The mean true leg length discrepancy decreased from 2.1 ± 1.3 cm (median, 2 cm; range, 0-4 cm) to 1.7 ± 1.3 cm (median, 2 cm; range, 0-4 cm) (Table 2). The true leg length discrepancy decreased after the index operation only for patients in the paralytic group, because limbs of patients in the nonparalytic contralateral group typically were long before surgery and shortening them was not considered safe because of the risk of dislocation.

Table 2
Table 2:
Preoperative and postoperative parameters of patients


Some orthopaedic surgeons are reluctant to perform THA in adult patients with residual poliomyelitis because of their concern for the risk of postoperative complications such as dislocation resulting from flaccid paralysis of muscle. There have been few studies on the results of THA in adult patients with residual poliomyelitis [2, 3, 20, 36, 41]. In our small, retrospective series, we found an improvement in Harris hip scores and pain scores, but only a few patients (three of 10) reported being pain free at final followup. Implant loosening was not found to be a problem at short term, but one of the 10 patients did experience a hip dislocation. Finally, we found that leg length discrepancies improved when the THAs were performed on the affected limb, but not when they were performed on the nonparalytic contralateral limb, because those limbs typically were long before surgery, and shortening them was not considered safe because of the risk of dislocation.

There were several limitations in our study. First, our study was retrospective and involved a small number of patients. This limitation was unavoidable owing to the rarity of poliomyelitis and the low number of patients treated by THA. Second, the length of followup was not uniform for all patients. However, all patients with implants had a minimum of 3 years followup (some for as much as 13 years) and the average followup was 7 years. This length of followup allowed us to determine mid-term results in this population. Third, numerous surgeons and various implants and bearings were involved because THA in patients with residual poliomyelitis is infrequent. This limitation also is inevitable. Fourth, leg length discrepancy was evaluated by tape measurement. Radiographic measurement is preferred, but preoperative full-length radiographs were not available for several patients. Difficulty in identifying bony prominences is the major factor of inaccuracy, however, all our patients had a BMI less than 30 and six of them had a BMI less than 25.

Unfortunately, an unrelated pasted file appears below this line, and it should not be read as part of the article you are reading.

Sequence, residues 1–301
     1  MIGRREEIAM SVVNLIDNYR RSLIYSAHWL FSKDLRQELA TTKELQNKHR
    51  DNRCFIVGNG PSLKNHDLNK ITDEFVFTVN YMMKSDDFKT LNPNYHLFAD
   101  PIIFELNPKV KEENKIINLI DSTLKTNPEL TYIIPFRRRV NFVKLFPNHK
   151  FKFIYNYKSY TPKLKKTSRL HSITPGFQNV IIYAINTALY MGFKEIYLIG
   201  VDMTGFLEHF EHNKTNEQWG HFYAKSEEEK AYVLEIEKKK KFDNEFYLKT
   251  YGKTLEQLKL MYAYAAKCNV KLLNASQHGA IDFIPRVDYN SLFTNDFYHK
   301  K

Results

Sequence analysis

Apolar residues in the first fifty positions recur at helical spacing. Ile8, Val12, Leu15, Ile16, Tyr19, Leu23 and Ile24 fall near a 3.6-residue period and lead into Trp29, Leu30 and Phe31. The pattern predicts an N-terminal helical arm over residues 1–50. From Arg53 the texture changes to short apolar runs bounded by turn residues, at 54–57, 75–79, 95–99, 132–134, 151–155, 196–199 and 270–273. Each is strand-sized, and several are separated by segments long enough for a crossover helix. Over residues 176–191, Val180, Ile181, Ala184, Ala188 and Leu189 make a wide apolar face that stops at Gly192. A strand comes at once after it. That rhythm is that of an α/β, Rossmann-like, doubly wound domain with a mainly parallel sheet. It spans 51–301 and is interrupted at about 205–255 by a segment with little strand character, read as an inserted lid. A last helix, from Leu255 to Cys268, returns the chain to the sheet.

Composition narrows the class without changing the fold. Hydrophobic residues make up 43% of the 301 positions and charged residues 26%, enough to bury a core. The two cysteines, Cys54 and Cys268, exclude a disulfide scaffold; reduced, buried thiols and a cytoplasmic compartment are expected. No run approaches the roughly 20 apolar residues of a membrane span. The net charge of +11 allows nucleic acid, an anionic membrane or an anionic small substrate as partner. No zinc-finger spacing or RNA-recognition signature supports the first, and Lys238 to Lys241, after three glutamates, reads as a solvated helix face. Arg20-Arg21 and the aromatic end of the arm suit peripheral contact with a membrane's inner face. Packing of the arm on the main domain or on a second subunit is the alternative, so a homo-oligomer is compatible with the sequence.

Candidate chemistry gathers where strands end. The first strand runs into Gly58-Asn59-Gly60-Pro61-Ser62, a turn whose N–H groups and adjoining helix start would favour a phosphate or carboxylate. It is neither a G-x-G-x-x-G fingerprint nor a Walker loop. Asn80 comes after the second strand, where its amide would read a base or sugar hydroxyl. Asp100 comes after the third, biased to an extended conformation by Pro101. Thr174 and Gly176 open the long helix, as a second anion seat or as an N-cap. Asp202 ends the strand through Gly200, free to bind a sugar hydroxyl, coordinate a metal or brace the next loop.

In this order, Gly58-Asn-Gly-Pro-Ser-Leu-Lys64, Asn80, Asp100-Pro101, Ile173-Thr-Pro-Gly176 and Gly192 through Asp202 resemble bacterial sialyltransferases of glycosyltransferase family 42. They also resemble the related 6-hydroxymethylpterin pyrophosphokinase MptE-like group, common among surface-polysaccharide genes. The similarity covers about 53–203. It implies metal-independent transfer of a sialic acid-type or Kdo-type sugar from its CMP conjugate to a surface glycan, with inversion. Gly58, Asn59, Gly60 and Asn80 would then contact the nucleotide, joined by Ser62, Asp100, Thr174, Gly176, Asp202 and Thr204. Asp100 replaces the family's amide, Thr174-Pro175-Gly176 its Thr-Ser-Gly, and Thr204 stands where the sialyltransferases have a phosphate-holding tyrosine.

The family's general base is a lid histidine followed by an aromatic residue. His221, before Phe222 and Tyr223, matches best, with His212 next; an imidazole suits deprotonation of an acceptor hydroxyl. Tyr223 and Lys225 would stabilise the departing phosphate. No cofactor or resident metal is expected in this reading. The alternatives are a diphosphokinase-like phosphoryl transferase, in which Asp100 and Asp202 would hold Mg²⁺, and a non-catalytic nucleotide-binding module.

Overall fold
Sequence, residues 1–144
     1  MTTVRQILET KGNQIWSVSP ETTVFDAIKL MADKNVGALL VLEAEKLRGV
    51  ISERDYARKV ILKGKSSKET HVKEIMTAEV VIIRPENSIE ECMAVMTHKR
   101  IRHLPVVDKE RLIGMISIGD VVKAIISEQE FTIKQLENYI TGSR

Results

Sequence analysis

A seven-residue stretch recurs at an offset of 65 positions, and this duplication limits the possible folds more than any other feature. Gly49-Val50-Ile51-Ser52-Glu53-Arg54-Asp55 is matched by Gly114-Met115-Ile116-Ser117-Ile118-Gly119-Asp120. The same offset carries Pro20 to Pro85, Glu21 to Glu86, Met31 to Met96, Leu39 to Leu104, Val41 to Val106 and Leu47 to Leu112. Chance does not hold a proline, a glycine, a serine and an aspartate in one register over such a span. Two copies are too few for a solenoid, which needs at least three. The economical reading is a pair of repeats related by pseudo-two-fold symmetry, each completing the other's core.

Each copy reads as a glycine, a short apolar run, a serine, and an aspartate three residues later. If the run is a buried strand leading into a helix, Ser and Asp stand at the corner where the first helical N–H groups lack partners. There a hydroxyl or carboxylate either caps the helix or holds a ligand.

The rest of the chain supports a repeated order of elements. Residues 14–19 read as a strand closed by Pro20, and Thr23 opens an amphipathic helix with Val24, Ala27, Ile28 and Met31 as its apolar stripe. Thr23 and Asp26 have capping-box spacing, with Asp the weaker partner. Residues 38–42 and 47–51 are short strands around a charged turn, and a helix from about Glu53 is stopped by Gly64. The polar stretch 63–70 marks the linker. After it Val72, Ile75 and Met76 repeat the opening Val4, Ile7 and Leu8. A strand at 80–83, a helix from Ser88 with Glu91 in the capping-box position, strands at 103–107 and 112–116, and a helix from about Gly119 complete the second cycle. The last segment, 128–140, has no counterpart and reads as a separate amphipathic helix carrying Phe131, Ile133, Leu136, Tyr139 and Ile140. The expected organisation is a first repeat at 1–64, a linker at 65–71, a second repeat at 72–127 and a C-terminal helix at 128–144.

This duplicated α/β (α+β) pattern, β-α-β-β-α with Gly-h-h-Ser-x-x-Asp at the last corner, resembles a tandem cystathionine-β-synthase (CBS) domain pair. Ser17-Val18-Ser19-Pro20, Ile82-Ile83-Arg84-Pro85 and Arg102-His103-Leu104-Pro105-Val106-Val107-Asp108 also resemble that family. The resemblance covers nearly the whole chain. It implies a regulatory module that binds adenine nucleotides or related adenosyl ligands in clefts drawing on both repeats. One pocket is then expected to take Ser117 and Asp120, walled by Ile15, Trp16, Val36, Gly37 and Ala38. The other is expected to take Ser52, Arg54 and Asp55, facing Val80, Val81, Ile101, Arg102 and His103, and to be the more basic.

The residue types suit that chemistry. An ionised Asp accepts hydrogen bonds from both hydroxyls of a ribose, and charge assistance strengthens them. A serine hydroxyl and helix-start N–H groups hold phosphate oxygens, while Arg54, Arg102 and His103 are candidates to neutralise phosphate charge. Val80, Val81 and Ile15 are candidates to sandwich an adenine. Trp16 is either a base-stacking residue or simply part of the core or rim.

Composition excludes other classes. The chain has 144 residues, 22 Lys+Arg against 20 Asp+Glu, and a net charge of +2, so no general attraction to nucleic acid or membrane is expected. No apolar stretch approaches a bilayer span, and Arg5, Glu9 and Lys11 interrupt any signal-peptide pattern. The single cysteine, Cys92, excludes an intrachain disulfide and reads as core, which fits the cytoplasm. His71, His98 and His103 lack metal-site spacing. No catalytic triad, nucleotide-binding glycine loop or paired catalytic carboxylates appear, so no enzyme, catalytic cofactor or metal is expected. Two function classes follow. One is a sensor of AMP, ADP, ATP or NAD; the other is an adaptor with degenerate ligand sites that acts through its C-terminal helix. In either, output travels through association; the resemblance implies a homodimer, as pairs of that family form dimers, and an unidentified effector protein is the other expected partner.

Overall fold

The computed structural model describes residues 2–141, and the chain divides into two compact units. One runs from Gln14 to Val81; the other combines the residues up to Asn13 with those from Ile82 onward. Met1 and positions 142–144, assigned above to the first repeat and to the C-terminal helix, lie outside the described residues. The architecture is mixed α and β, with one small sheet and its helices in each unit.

We observed improvement in Harris hip scores and VAS pain in this population, but seven of the 10 patients in this series had some amount of residual pain. Cabanela and Weber reported on five hip replacements contralateral to hips affected by poliomyelitis, and the results in their patients (after 2-8 years of followup) appeared to be no different from those in the general population of patients who have a hip arthroplasty [2]. Laguna and Barrientos reported that only THA enabled a successful return to the initial functional level [20]. With the numbers available, we observed no differences in Harris hip or VAS pain scores between THAs performed in paralytic and nonparalytic contralateral limbs. The mild pain at the end of the day that patients reported could be related to postpolio muscle pain in the paralytic group and remnant leg length discrepancy in the contralateral group, but this is speculative. We recommend abductor strengthening exercises in the paralytic group [4, 12, 38].